If a low-level backup is required then use these instructions.

# Rolling release

If your Linux distribution has a rolling release model (e.g. Gentoo Linux) then you’ll probably have to install it only once. With a non-rolling release distribution you’ll have to do a system upgrade every now and then. Either way, the OS installed on your hard disk will remain there for quite a long time and backing it up may prove useful.

# Partition table backup

The following post describes how this can be done for various partitioning technologies (DOS-type MBR, GPT and LVM): How to backup DOS-type partition table/GPT and LVM metadata?

# Partitioning scheme

If you have separate partitions for user data (typically /home) then the OS will be in one or more separate partitions, cleanly separated from user data and therefore easier to back up. For background information on this, see the Gentoo Linux Handbook, specifically the section on preparing disks (e.g. Handbook:AMD64/Installation/Disks).

The lsblk -l command can be used to list partitions and their mount points on your system.

# OS Partitions backup

To back up an OS partition it must not be in use (i.e. mounted). So it’s necessary to boot from a separate medium (e.g. the 2014 Gentoo Live DVD, which can also be used to create a LiveUSB).

When booted from the Live DVD you can use the fdisk -l command to list partitions.

To back up an OS partition you’ll have to mount the OS partition (a read-only mount can be used) and the target medium where you want to store the backup. Be very careful to use the correct partitions, make sure there’s enough space on the target medium, etc. If you do not know what you’re doing, not familiar with Linux system administration and the mount command then do not attempt this.

Once the OS partition to back up is mounted on e.g. /mnt/source (read-only mount suffices) and the destination medium is mounted on e.g. /mnt/destination (writable mount is required) then e.g. the following command can be used to back up the whole OS partition’s file system:

cd /mnt/destination/somepath/backupname ( cd /mnt/source ; tar cf - . ) | tar xvf -

The verbose flag in the unpacking tar command can be omitted if visual feedback of progress is not required.

In backupname it’s wise to include the partition type (e.g. ext2, ext3, ext4, xfs, etc.) and the partition label (i.e. its name). This makes it easier to restore the partition later.

When done use the following to cleanly unmount the mounted partitions:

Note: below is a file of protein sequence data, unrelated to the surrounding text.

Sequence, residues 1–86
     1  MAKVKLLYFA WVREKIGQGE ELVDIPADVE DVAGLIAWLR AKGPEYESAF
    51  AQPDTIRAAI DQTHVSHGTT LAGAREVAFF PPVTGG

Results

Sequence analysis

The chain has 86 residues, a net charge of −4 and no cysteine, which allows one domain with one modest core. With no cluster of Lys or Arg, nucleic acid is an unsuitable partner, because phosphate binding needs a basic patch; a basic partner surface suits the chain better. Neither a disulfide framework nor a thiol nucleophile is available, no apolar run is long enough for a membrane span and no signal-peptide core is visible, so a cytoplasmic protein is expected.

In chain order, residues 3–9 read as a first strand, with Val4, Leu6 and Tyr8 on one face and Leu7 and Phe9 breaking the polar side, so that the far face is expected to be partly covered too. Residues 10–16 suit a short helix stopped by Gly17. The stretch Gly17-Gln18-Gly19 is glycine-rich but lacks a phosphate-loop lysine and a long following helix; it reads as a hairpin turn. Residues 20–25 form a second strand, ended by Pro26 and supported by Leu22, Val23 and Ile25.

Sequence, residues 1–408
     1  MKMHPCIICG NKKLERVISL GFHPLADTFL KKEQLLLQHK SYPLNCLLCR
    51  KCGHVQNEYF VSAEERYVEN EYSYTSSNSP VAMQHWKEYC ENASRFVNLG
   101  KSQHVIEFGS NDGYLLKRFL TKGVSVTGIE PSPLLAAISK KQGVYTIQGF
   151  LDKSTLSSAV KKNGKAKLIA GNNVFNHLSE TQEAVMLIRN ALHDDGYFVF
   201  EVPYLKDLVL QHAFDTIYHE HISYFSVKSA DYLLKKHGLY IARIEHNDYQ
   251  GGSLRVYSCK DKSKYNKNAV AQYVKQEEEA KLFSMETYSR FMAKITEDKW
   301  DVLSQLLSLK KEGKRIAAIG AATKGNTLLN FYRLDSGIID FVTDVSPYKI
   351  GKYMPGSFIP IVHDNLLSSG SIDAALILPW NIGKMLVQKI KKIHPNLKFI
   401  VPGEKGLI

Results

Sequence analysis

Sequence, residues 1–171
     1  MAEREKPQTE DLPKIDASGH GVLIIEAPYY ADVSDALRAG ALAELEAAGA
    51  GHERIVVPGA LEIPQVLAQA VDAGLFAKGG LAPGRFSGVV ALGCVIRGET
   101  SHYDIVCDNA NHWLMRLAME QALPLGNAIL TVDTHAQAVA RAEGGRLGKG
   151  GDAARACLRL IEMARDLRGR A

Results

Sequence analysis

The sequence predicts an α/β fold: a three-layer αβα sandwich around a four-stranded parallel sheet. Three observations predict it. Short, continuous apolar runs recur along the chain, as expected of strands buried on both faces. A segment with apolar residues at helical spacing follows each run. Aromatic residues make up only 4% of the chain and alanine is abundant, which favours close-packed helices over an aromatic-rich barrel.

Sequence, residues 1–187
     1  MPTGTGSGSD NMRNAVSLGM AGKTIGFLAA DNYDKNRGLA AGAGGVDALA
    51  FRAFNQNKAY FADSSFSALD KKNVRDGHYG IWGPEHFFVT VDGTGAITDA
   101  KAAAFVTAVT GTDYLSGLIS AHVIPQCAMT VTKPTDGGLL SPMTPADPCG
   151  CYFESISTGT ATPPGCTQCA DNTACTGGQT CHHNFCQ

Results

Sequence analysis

cd / umount /destination umount /source

Repeat for all the OS partitions (except those not containing a regular file system, such as the SWAP partition).

# Restore of partition table and OS partitions

This should be done only as a last resort. Be very careful because e.g. restoring to the wrong partition will destroy your data, very likely beyond repair. Before attempting this make absolutely sure that all data on media that are attached to the system are properly backed up!

Also read the Restored system does not boot section the end of this article.

As a first step boot from a separate medium (e.g. the 2014 Gentoo Live DVD, which can also be used to create a LiveUSB).

To restore the partition table read the Partition table backup section (the referred post also contains information about restore options).

To restore OS partitions first create the file system of the proper type and label (both of which were included in the name of the backup). Depending on the partition type e.g. use one of the following commands:

mkfs.ext2 -L thelabel
mkfs.ext3 -L thelabel
mkfs.ext4 -L thelabel
mkfs.xfs -L thelabel

Next mount the file system that was just created (e.g. on /mnt/destination) and the medium that contains the backup (the latter is now the source medium and can be mounted read-only, e.g. on /mnt/source.

The following command can now be used to restore the OS partition’s file system:

cd /mnt/destination ( cd /mnt/source/somepath/backupname ; tar cf - . ) | tar xvf -

When done use the following to cleanly unmount the mounted partitions:

cd / umount /destination umount /source

# Restored system does not boot

The restored system will probably not boot because the bootloader was not backed up and restored. Bootloaders are e.g. stored in free sectors between the partition table and the first data sector on your disk.

To boot the system you’ll have to e.g. re-install your boot loader when booted from an separate medium (e.g. the 2014 Gentoo Live DVD, which can also be used to create a LiveUSB).

For background information on the bootloader, see the Gentoo Linux Handbook, specifically the section on configuring the bootloader (e.g. Handbook:AMD64/Installation/Bootloader).